Canadian writer Margaret Atwood has announced that she is writing a sequel to her bestselling novel, "The Handmaid's Tale." The sequel, "The Testaments," is set 15 years after the end of "The Handmaid's Tale." It will be published in September 2019 by Doubleday.
Margaret Atwood says: “Dear Readers: Everything you've ever asked me about Gilead and its inner workings is the inspiration for this book. Well, almost everything! The other inspiration is the world we've been living in.”
“I have published Margaret Atwood’s work since 1976 – her poetry, fiction and nonfiction,” says Nan A. Talese. “A manuscript from her is always a reason for joy. She writes wonderfully and has a mind like a steel trap. This new book is no exception.”
“The Handmaid’s Tale has remained in print since its publication thirty-three years ago, due to both Margaret Atwood’s brilliant storytelling and the novel’s prescient themes,” says Sonny Mehta, Editor-in-Chief and Chairman, Knopf Doubleday Publishing Group. “It’s a thrill to publish the sequel to a timely, legendary novel, and to return to the Handmaids’ world.”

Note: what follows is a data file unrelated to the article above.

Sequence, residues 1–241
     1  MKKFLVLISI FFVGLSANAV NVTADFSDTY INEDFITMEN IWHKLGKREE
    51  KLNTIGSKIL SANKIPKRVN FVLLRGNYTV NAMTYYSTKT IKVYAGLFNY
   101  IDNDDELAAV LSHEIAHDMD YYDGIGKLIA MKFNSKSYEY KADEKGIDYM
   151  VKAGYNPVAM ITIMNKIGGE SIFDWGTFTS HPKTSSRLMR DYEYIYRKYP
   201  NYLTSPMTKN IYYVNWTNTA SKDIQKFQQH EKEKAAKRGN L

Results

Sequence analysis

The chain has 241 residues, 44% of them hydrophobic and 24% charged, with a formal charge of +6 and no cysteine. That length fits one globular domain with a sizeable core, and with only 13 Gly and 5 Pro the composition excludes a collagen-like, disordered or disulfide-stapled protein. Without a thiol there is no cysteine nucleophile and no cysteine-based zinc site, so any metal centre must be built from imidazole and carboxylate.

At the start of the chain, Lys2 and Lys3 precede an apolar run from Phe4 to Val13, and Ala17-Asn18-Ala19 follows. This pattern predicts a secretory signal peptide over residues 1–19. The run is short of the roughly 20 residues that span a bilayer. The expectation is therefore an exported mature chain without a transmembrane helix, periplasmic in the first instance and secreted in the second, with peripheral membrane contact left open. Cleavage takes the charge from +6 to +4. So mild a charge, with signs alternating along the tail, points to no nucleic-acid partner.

First published in 1985, The Handmaid’s Tale was shortlisted for the 1986 Booker Prize and eight million copies have been sold globally in the English language.
When Donald Trump was elected in November 2016, Handmaids became a symbol of the movement against him, standing for female empowerment and resistance in the face of misogyny and the rolling back of women’s rights around the world. In 2017 the TV adaptation of The Handmaid’s Tale starring Elisabeth Moss and Joseph Fiennes launched in the US on Hulu and Atwood’s novel has spent 88 weeks back on the New York Timesbestseller list. The TV show has been nominated for 18 and won 6 Emmy Awards across two series. A third series is currently in production.
The Testaments is not connected to the television adaptation of The Handmaid’s Tale.
The Testaments will be published simultaneously by Penguin Random House across the English-speaking world: by Chatto & Windus/VINTAGE in the UK, Australia, New Zealand, South Africa and India; McClelland & Stewart in Canada; and Nan A. Talese/Doubleday in the US."
Atwood was recipient of the 2017 Ivan Sandrof Award from the National Book Critics Circle.